But, before I get to that question of Islam let me clarify something else.  Orientalist scholarship that led to the exoticising of the east, presented the Muslims in the Middle East as particularly strange, and vicious and mysterious.  We do not know them, they are not worth knowing, we have no history with them, who needs them?   However, I just wanted to point out that all the three monotheistic faiths emerged there.    It was because of Arab translators and commentators that the classical heritage was reconnected to Europe, and the Renaissance would not have unfolded the way that it did without the agency of Arab and Muslim intellectual mediation.  The very first country to recognize the US was Muslim (even though the first ambassador in the US came from the Netherlands); the US Embassy in Tangiers is the first property that the US had owned abroad and the only building on foreign soil listed in the US National Register of Historic Places;  the Morocco-American treaty of friendship is the oldest friendship Treaty that the US has ever signed.  More immediately, those of us who drank coffee today, put gas in our cars, wore sandals or pajamas, used words like almirah or admiral, ate kebabs or drank sherbets or slipped an olive in our martini, slept in a four poster bed or sat on an ottoman, or struggled with algebra have all experienced them in our lives.  As a matter of fact, even the graduation ceremonies we have, and the academic regalia we wear today, reflect Middle Eastern influences.  Actually they are much closer to us than we ordinarily think. To get back to the question about the incompatibility of Islam and democracy it is frequently asked, isn’t Islam inherently hostile towards Judaism and Christianity, so how can it ever aspire to a pluralist structure?  Let us simply see what the Quran (i.e., the Holy Book of the Muslims) says about this.  The reason I am quoting from the Quran is that it is the supreme authority for Muslims, supposedly the exact and inerrant words of God that no Muslim can violate, and perhaps it is better that I quote from it directly rather than provide paraphrases and assertions.   I crave your indulgence for the next 5-7 minutes because while it may be a bit trying it is important to set the record straight, and with reference to the original source clarify some misunderstanding regarding democracy and the Muslim world.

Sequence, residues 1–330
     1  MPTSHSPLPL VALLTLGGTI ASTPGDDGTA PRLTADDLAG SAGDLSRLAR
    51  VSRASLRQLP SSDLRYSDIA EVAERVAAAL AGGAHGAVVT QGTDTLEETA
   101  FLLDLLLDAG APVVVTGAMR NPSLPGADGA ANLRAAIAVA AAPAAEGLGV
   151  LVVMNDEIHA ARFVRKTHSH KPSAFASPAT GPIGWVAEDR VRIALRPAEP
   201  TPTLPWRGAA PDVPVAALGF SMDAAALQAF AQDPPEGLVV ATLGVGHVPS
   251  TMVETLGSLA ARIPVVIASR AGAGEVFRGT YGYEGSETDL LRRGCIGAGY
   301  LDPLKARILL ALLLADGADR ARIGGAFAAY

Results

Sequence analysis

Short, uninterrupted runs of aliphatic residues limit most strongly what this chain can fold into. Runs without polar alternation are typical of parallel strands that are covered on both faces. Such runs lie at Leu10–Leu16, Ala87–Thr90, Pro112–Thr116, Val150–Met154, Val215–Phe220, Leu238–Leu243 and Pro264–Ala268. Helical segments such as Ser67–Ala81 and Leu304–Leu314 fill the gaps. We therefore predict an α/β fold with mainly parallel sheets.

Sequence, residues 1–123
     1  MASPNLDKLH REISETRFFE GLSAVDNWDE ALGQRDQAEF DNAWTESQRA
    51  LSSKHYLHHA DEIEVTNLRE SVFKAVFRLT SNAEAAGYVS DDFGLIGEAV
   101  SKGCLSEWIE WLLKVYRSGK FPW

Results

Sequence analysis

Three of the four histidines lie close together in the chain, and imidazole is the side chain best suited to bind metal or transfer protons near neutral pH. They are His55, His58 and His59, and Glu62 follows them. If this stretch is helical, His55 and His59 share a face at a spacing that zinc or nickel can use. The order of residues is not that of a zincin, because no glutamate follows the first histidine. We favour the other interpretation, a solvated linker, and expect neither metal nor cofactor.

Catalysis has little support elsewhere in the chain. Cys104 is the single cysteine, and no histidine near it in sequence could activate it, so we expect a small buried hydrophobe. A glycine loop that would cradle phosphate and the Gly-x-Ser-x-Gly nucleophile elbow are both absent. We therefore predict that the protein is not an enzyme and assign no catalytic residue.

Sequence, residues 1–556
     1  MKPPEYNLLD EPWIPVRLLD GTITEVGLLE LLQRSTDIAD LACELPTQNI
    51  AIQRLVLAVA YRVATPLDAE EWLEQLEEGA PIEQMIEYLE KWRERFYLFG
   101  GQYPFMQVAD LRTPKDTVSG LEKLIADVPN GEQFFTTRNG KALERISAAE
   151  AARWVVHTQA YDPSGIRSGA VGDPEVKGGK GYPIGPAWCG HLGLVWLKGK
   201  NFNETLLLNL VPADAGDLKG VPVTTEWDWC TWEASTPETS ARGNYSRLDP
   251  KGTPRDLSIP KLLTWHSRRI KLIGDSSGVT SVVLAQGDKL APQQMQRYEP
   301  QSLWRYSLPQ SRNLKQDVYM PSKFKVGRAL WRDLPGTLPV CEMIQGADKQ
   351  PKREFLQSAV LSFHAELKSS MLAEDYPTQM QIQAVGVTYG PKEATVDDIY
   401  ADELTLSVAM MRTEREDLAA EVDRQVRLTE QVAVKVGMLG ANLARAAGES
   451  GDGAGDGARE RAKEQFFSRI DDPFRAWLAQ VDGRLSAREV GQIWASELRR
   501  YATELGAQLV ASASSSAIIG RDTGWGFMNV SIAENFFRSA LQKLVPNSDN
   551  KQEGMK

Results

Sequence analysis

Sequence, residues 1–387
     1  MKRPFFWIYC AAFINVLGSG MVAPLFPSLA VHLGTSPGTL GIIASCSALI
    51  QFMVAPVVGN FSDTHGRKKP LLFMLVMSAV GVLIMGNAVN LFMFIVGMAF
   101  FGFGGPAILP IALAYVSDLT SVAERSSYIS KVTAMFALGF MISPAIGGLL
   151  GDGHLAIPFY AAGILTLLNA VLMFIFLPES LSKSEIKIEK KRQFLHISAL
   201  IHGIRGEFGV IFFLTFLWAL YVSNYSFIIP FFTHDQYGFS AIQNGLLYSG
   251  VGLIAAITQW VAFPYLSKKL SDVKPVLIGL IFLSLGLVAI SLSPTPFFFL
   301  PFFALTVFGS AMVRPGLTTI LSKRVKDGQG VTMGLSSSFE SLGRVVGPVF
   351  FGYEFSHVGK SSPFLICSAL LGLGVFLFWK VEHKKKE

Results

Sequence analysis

In chapter 29 verse 46, the Quran explicitly states, “And dispute you not with the People of the Book [i.e., Jews and Christians] but  say, ‘We believe in the revelation which has come down to us, and  in that which came down to you, our God and your God is one, and  it is to him we bow in Islam.’” Islam accepts the prophethood of Moses and Jesus (and others mentioned in the Tanakh and New Testaments), accepts the stories contained therein (Adam and Eve, Noah and the ark, Jonah in the whale, Sodom and Gomorrah, etc.),  accepts almost all the miracles and stories attributed to Moses and Jesus (the parting of the waters, the burning bush, the miraculous birth of Jesus, the curing of lepers, the raising from the dead, and so on). As a matter of fact when Muslims take the name of the prophet Muhammad, they say parenthetically, as a mark of reverence to him, “May peace be upon the Prophet.” And when they take the name of Moses and Jesus, they say exactly the same thing. There is no doubt that both of them are revered as God’s chosen messengers, however Islam contends that it is possible that the books revealed to them, in human hands, gradually evolved in ways that could have compromised their original purity. It should be pointed out that, contrary to popular opinion, the Quran never refers to believing Jews and Christians as “infidels.” The Quran tells us, “We believe in Allah, in what has been revealed to us, what was revealed to Abraham, Ismail, Isaac, Jacob, and the Tribes, and what was imparted to Moses, Jesus, and the other prophets from their Lord, making no distinction between any of them, and it is to him we submit” (2:136 and 3:84). In a similar vein, and more explicitly, the Quran states, “Those who believe in the Quran, and in the Jewish scripture, and the Sabians and the Christians, who believe in God, and the Last Day, and work righteousness, on them shall be no fear nor shall they ever grieve,” a refrain that is repeated in exactly the same language in two different chapters in the Quran (2:62 and 5:72).